“Now the Passover of the Jews was at hand, and Jesus went up to Jerusalem. And He found in the temple those who sold oxen and sheep and doves, and the money changers doing business. When He had made a whip of cords, He drove them all out of the temple, with the sheep and the oxen, and poured out the changers’ money and overturned the tables. And He said to those who sold doves, “Take these things away! Do not make My Father’s house a house of merchandise!” –John 2:13-16
What were the corruptions that the Lord had to purge?
First, they sold oxen, and sheep, and doves, for sacrifice. Evidently, it is for the convenience of the pilgrims who could not bring their sacrifices in kind along with them (see Deut. 14:24–26). This market perhaps had been reserved by the pool of Bethesda (see John 5:2), but the chief priests could have admitted it into the temple in exchange for rent. No doubt, the rents for standing there, and fees for examining the beasts sold there, and certifying that they were without blemish, would yield considerable revenue to them. Great corruptions indeed owe their rise to the love of money (1 Tim. 6:5, 10).
Secondly, they changed money, for the convenience of those who would pay a half-shekel temple tax. Under the Law of Moses, every male of Israel twenty years old and upward was required to redeem his soul by giving a half-shekel after the shekel of the sanctuary. No man was exempt, even the poor had to pay it (Ex. 30:12-14). The purpose of this money was for the maintenance of the tabernacle and later the Temple. (see Exo. 30:16 NIV). By tradition, the half-shekel became the Temple tax collected at the temple annually.
Due to its purity of silver, this was the only coin accepted for the payment of the Temple tax in Jerusalem. According to Alfred Edersheim’s book “The Temple”, the Pharisee sect made this tax mandatory and could seize property to pay it. According to the New Unger’s Bible Dictionary (referring to these moneychangers):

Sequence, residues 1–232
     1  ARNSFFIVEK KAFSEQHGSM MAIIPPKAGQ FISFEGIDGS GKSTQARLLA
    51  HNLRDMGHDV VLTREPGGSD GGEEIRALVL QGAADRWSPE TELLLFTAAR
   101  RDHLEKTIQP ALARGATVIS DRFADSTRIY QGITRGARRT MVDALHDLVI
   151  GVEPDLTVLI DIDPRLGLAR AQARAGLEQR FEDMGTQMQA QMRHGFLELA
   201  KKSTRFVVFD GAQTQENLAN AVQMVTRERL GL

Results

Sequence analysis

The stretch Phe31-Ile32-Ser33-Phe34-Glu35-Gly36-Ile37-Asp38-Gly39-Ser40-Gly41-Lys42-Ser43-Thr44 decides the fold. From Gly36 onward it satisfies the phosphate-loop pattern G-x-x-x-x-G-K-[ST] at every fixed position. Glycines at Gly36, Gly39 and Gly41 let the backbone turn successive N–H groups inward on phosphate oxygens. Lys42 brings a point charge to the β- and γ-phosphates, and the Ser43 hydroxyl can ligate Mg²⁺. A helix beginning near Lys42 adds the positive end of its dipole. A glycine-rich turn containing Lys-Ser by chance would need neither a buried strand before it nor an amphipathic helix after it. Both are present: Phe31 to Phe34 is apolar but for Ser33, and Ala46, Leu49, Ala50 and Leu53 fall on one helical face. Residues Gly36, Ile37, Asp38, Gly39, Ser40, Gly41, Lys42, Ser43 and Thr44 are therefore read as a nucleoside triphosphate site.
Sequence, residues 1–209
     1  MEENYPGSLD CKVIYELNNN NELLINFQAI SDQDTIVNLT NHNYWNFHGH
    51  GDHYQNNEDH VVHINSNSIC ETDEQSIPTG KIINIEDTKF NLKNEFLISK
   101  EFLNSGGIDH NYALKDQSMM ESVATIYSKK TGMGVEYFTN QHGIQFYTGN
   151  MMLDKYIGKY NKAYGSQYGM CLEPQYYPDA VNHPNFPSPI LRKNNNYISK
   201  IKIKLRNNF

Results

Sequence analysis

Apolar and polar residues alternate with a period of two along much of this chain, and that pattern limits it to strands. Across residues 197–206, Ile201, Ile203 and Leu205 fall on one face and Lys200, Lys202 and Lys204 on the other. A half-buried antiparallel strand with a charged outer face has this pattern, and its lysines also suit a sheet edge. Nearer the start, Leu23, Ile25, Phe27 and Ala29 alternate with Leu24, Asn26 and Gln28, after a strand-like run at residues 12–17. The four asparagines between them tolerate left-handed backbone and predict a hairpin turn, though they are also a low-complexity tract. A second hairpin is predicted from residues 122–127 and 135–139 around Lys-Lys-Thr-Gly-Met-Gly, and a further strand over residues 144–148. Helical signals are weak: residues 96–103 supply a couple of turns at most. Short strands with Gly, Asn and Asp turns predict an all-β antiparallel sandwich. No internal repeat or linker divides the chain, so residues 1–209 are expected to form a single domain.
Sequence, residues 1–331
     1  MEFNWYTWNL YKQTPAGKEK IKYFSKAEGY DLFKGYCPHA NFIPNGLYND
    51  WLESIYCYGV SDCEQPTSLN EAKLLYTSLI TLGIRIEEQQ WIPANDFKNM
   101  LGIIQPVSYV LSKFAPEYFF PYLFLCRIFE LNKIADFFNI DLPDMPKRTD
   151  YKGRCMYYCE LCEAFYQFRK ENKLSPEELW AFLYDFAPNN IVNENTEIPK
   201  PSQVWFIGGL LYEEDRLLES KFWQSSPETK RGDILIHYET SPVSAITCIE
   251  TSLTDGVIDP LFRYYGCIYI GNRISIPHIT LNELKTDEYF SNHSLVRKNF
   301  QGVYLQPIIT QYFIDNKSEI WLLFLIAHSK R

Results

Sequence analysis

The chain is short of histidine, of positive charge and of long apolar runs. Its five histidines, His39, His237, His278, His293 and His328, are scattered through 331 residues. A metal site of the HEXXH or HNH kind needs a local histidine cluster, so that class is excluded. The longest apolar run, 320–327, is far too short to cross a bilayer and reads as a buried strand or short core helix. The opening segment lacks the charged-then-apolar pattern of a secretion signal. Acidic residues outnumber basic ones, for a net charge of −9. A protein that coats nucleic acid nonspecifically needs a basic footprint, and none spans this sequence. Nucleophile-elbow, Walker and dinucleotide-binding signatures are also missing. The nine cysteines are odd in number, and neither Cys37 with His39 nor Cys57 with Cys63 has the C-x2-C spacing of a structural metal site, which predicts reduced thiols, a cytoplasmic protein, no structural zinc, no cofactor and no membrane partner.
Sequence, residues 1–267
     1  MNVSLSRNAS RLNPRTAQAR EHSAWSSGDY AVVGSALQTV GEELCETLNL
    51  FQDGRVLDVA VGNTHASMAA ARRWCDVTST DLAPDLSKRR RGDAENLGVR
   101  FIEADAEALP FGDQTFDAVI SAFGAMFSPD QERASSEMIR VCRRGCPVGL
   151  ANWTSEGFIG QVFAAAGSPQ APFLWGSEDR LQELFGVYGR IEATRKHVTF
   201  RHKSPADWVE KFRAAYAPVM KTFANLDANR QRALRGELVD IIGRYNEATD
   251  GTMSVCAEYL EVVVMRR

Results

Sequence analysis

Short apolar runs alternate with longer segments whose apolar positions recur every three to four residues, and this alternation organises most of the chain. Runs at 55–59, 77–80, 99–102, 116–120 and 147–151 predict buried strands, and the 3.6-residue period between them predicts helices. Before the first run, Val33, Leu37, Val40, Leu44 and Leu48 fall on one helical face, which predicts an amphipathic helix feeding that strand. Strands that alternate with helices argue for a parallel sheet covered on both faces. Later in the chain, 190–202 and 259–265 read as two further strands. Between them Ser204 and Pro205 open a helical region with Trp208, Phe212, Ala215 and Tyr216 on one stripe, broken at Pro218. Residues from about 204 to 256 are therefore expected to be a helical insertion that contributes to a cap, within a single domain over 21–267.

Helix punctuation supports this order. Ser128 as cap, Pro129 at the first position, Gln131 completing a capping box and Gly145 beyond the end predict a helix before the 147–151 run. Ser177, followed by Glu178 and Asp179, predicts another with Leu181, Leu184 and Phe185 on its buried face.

“The Bankers, who sat in the Court of the Gentiles (or in its porch), changed all foreign coins into those of the sanctuary for a fixed discount.… This tribute was in every case to be paid in the exact Hebrew half shekel. The moneychangers assessed a fixed charge for their services. This charge must have brought in large revenue, since not only many native Palestinians might come without the statutory coin, but also a vast number of foreign Jews presented themselves on such occasions in the Temple. In addition to the tribute, those who came to worship at the Temple needed money for other purposes. Most sacrifices for the feasts were bought within the Temple area. It was easier to get the right money from the authorized changers than to have disputes with the dealers. Thus, the immense offerings of foreign Jews and proselytes to the Temple passed through the hands of the moneychangers. Indeed, they probably transacted all business matters connected with the sanctuary.”
The Temple was the center for worship but they turned it into a center of their foreign exchange business!
to be continued